I wrote a long response which I'm told has to be moderated for spam because I'm new. In case it doesn't get posted, I recommend that you all look up the views on culture expressed by the English philosopher Sir Roger Scruton. I don't agree with everything he says, but on the question of high culture, reading him was an immense revelation to me.



Tequila
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18 Aug 2018, 3:16 pm

Prometheus18: Have you still got it? Pastebin.



Prometheus18
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18 Aug 2018, 3:36 pm

Welcome Prometheus18!

Often, I feel like I was born in the wrong time. Going outside, seeing people on their phone all the time, their often superficial and selfish behavior is bothersome.

Was visiting my doctor recently and a woman with a baby carriage came in, and I always stand up to open the door for them, as any person should do in my opinion. This time the waiting room was full and I decided to watch if someone would do the same. The woman was struggling with the door, and nobody did anything. An incredibly heavy glass door. I stood up and helped her. Even got mean looks from people, like I was doing something wrong :roll: . Funny thing, when I had to go home, the little girl in the carriage looked at me and raised her hands towards me and called out to me "Daddy!" A rather cute moment.

I am seeing things like this often. Old people dropping their groceries on accident and people are just looking at how the person is gathering their groceries. Makes me sick. I always help.

Last bad thing I witnessed was a young girl falling off her bike quite hard, and I was incredibly startled and asked if she was okay. Very nervous and almost crying, she told me she was fine and went inside the store. Nobody even looked when she fell, and there were many people around. Nobody seemed to care. Makes me sad. Later, she came out of the store and looked at me nervously and seemed too scared to look me in the eyes. Think she was a bit embarrassed. I smiled at her when she looked at me when she stepped on her bike and drove off. She smiled back and blushed.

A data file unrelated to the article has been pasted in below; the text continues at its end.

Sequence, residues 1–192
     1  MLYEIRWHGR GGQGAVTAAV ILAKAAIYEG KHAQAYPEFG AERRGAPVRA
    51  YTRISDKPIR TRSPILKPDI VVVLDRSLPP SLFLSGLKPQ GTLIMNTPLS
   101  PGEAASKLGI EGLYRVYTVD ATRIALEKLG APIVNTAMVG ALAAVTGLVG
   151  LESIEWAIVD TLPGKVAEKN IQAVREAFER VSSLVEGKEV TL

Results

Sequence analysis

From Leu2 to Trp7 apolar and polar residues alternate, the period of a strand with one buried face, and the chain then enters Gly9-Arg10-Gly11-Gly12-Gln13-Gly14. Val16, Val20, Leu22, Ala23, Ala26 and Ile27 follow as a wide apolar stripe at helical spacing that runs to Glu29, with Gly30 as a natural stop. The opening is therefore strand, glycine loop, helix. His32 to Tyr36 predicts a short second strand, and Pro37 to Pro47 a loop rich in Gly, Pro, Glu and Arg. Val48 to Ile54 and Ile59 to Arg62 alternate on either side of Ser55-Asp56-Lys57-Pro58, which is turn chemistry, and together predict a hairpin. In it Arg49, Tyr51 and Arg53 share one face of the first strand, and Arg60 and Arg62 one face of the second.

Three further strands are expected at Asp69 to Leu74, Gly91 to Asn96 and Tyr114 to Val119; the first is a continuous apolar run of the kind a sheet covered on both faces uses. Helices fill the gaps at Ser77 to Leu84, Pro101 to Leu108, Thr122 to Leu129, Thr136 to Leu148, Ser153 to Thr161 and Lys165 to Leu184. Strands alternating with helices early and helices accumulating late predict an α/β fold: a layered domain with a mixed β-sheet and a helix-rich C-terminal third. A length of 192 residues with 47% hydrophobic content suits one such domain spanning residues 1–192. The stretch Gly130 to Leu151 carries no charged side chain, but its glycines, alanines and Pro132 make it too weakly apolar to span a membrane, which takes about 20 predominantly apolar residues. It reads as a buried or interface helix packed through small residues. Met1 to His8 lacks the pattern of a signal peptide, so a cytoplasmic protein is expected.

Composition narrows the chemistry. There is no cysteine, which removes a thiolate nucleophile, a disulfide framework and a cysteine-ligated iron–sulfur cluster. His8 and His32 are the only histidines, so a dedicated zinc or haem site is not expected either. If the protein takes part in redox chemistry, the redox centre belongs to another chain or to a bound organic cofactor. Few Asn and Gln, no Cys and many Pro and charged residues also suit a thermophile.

Also like old furniture, which is just better quality, in my opinion. Everything old always seems to have more attention to detail and more love put into it.

My grandfather said I was born in the wrong age, a loyal knight, quite the compliment. He always called women Milady, and I now do that as well after he passed away, in his honor.

Hope you enjoy the forum.


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Tequila
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18 Aug 2018, 3:42 pm

Prometheus18 wrote:
There is a fundamental difference between to - say - wear a brimmed hat because this, as a mature adult, marks oneself out as part of a broader social milieu, as was the case in the west until the 1960s and, on the other hand to be forced to wear a brimmed hat by legal mandate, as was the case in Ataturks Turkey of the 1910s.


Wear one if you like. There's no problem with that.

Prometheus18 wrote:
Never, to my knowledge, has a dress code ever been enforced in Europe or North America by legal mandate.


Niqab bans? Not a dress code, but a ban nevertheless.

Prometheus18 wrote:
But the power of custom as dictated by the COMMUNITY is not coercive in nature.